AT: What do you mean? Boosh is totally chilled! Boosh is all about the vibe. Anyone who brings a kak vibe is gonna get asked to leave. That kid was totally right. We’ve had a few concerned parents, so we told them to come along too. Boosh doesn’t discriminate. Look, it’s changed faces over the last few years, and isn’t as regular as we’d want it to be anymore, but it’s still the same event at heart. We just wanna play kiff shows to our fans and give some up-and-coming bands the opportunity to play to a rad crowd (our fans make the raddest crowds) and drink beer together.
I can wholeheartedly say that we definitely never had the foresight to sneakily strategise parents stalking our page to try and get more likes.
Don’t – be a cunt.
RC: We haven’t had a Boosh in awhile so we’re pretty thankful to Park Acoustics for giving us some Shortstraw. I’d like to think that the reason behind it is that you’ve been touring all over Europe and Japan (Love the High School music vid by the way) but we know the real reason is that your dashing friend and go-to MC, Jason Lume, has a pretty tight schedule. From owning restaurants to rocking awesome photography, you each do really cool things causing you to hang with many rad people in your spare time. As a band touring the world, do you feel compelled to get each of your mates back home gifts from your overseas travels? What would you get them and how do you bring it back given baggage weight limits?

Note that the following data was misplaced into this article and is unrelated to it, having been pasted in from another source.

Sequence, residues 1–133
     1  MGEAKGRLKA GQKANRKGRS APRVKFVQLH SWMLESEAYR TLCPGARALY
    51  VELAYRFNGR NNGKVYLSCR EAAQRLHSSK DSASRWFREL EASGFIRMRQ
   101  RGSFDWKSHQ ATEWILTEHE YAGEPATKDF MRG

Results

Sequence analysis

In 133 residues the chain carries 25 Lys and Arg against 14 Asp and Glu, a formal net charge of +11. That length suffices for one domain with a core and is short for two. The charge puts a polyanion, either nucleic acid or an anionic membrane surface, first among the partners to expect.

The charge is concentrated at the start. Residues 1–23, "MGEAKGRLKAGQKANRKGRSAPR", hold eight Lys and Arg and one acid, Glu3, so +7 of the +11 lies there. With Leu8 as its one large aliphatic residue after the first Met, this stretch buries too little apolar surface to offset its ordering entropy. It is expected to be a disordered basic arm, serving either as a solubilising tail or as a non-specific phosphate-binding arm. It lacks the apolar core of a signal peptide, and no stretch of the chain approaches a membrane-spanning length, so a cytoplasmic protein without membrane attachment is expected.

AT: Hahahaha! Dude, we’re musos. We definitely don’t have the spare change to be buying people shit in better currencies. Our friends understand.
RC: You’ve been around since I was in high school and must be seen by many as torchbearers for the South African indie scene. At Park Acoustics, you’ll be sharing the stage with, in part, some younger artists as well as artists specialising in other genres. Backstage, are you treated like gurus and sages who are expected to impart wisdom and share ideas or is it more a situation of clinking glasses of Jack and taking selfies? When you started the band, was there ever a goal to be as big as the names of the day and now that you’ve reached that point, and in instances exceeded it, do you actively encourage the hunger in younger artists and do you feel compelled to assist/inspire them?